Life After Lent
Each year, as I spend the season preparing my heart for the joy that Easter brings, I always feel more motivated and more steadfast in my resolve to try to live a life that is worthy of the gospel. This year’s season of Lent has been a great time to refocus, prioritize, and be disciplined.
What about when Lent is over? What happens after those few days of celebrating Easter with worship services, family gatherings, and indulgent meals (yay, desserts again!)?
My resolve seems to fade and I am soon back to my old ways. I stop spending time in the Word. My prayers get shorter and less purposeful. Bad habits and other struggles return. I check my pride less and am not mindful of assuming a posture of humility. I stop being conscientious of the needs of others around me and focus on myself.
But, I want this post-Lent and Easter season to be different. I want to live a gospel-centered life every day of the year. I want to continually live a life worthy of being a co-heir with Christ.
With this in view, I am drawn to Matthew 4 where we see how Jesus interacts with the devil who is tempting him at the end of his 40-day fast as he prepares to begin His ministry. Here are some of my thoughts on the three temptations in this passage:
First temptation: The devils tempts Jesus to turn the stones into bread, if he is indeed the Son of God.
Jesus’s response: “Man shall not live on bread alone”
Satan will try to appeal to our basic human needs and desires. But God is the only One who satisfies and His Word is our nourishment.
Second temptation: The devil tempts Jesus to throw himself off the temple, because God said he will send angels to attend Him.
Jesus’s response: “You shall not put the LORD your God to the test”.
Satan will try to appeal to our ability to rationalize doing what we know is not right or is not beneficial - because God is always there for us, right? We can always go back to Him, right? I know He will forgive me anyway, so this one time won’t be a big deal, right?. But, God’s provision of love, grace and mercy is not a license to do what is harmful or test Him for the sake of testing Him.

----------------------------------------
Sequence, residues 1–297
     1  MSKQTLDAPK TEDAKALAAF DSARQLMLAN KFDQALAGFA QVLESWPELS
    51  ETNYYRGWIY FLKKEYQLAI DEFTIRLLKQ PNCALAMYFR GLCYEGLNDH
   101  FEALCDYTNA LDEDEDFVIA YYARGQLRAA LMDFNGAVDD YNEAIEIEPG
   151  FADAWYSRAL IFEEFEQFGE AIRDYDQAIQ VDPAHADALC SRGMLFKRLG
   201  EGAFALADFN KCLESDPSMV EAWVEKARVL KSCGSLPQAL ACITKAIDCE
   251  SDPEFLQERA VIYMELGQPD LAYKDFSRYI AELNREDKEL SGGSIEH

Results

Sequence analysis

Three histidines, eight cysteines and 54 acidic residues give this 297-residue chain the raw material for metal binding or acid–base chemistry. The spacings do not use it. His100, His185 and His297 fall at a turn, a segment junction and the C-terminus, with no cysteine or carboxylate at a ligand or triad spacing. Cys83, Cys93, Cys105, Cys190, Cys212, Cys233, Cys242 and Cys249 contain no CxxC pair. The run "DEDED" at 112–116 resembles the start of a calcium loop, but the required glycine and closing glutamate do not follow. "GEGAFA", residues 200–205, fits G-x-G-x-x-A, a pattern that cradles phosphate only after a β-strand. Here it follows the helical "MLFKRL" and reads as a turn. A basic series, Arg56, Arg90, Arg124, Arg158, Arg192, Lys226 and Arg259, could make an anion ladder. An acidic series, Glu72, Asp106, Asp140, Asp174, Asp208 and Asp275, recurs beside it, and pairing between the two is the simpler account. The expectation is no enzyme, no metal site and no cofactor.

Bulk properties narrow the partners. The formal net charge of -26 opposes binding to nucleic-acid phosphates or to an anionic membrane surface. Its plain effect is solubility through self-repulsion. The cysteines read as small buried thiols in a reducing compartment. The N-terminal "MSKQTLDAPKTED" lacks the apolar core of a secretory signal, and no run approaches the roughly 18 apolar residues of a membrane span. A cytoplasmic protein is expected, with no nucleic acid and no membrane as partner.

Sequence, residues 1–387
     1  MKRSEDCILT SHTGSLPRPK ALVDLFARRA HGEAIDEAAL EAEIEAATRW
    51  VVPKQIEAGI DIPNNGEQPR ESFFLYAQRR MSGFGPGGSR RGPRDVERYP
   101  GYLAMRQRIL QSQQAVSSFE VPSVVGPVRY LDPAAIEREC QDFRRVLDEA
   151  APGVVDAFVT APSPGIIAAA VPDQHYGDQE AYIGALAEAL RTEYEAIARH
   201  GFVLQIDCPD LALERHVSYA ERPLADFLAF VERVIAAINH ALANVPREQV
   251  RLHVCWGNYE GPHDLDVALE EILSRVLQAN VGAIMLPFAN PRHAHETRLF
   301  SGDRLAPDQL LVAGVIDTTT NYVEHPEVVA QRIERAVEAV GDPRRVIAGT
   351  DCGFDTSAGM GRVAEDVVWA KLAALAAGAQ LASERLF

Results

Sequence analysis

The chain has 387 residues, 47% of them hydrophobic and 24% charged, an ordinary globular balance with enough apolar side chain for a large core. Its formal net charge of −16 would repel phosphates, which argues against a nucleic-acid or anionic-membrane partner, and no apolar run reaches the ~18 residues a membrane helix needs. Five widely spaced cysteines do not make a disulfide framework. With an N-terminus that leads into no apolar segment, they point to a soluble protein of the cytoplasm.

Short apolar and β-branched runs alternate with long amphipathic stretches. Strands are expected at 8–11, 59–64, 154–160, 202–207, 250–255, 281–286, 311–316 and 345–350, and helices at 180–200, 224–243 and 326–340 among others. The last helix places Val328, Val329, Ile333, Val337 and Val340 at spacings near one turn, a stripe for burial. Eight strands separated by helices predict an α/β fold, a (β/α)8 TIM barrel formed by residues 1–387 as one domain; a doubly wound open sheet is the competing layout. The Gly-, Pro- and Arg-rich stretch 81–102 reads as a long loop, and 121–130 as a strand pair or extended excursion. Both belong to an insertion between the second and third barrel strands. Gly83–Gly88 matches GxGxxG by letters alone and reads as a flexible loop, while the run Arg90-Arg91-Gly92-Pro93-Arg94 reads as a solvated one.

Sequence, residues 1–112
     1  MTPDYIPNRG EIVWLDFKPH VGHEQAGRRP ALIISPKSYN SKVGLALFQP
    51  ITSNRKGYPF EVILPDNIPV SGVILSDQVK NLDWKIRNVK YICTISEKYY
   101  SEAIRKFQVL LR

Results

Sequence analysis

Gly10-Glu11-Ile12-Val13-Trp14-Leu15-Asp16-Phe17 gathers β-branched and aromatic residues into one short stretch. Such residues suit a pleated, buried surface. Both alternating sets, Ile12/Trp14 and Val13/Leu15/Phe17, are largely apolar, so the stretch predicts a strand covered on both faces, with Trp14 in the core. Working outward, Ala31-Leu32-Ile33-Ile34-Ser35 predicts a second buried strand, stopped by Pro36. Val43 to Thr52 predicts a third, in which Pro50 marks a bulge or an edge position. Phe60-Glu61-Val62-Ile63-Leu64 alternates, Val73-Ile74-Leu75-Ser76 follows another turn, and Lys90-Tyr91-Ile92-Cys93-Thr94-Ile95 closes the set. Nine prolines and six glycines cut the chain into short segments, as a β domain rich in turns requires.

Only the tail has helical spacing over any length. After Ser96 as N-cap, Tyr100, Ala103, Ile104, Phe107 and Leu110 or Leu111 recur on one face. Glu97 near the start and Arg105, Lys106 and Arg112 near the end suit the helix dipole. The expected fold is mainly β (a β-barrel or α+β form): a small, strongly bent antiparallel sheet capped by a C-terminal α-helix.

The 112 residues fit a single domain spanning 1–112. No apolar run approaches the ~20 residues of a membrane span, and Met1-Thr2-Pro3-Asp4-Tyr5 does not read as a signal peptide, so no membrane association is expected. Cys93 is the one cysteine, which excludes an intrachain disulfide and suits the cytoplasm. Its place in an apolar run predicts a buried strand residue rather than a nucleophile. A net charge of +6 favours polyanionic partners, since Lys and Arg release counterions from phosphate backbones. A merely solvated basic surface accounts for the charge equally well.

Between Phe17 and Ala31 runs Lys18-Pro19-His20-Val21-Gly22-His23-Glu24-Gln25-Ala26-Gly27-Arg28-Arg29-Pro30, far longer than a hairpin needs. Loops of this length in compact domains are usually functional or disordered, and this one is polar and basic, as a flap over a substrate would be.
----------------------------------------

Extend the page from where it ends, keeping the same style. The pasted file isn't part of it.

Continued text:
Third temptation: The devil claims he will give Jesus all the kingdoms of the earth, if Jesus will just bow down and worship him.
Jesus’s response: “Go Satan! For it is written, ‘You shall worship the Lord your God, and serve Him only.’”
Satan will try to appeal to our deep desire to be significant. But we know that we only have significance through worshiping and serving the God who created us, the true King.
In all of these temptations, the devil tries to appeal to Jesus’s human senses, desires, and longings - both basic and deep. He twists scripture, makes false promises, and taunts Jesus to prove that He is the Son of God. Jesus responds by appropriately applying scripture, remaining firm in God’s promises, and secure in His own identity.
Prayers for this post-Lenten season:
- that I will remain in awe of my Father, Creator, Savior and King.
- for my focus to be on His Kingdom and doing His will, rather than my own.
- for strength and nourishment through His Word.
- that I will assume a posture of humility and repentance and cultivate a culture of forgiveness in my life.
- that I will be able to resist the devil and resist returning to my old, sinful ways.
- to look to God as my Rescuer and Deliverer.
- that I will sing His praises and rejoice every day that His is the kingdom and the power and the glory, forever and ever!